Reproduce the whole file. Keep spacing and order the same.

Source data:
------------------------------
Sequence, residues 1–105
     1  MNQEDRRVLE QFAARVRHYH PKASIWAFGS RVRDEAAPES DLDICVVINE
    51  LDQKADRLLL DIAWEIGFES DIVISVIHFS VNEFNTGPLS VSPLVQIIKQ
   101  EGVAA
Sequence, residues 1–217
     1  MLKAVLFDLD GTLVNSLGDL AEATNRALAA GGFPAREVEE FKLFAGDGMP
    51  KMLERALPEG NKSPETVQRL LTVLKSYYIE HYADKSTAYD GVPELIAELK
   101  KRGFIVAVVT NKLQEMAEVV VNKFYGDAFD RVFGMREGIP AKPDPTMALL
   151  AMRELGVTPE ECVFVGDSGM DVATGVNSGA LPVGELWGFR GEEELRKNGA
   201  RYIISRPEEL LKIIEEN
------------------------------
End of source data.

Sequence, residues 1–105
     1  MNQEDRRVLE QFAARVRHYH PKASIWAFGS RVRDEAAPES DLDICVVINE
    51  LDQKADRLLL DIAWEIGFES DIVISVIHFS VNEFNTGPLS VSPLVQIIKQ
   101  EGVAA
Sequence, residues 1–217
     1  MLKAVLFDLD GTLVNSLGDL AEATNRALAA GGFPAREVEE FKLFAGDGMP
    51  KMLERALPEG NKSPETVQRL LTVLKSYYIE HYADKSTAYD GVPELIAELK
   101  KRGFIVAVVT NKLQEMAEVV VNKFYGDAFD RVFGMREGIP AKPDPTMALL
   151  AMRELGVTPE ECVFVGDSGM DVATGVNSGA LPVGELWGFR GEEELRKNGA
   201  RYIISRPEEL LKIIEEN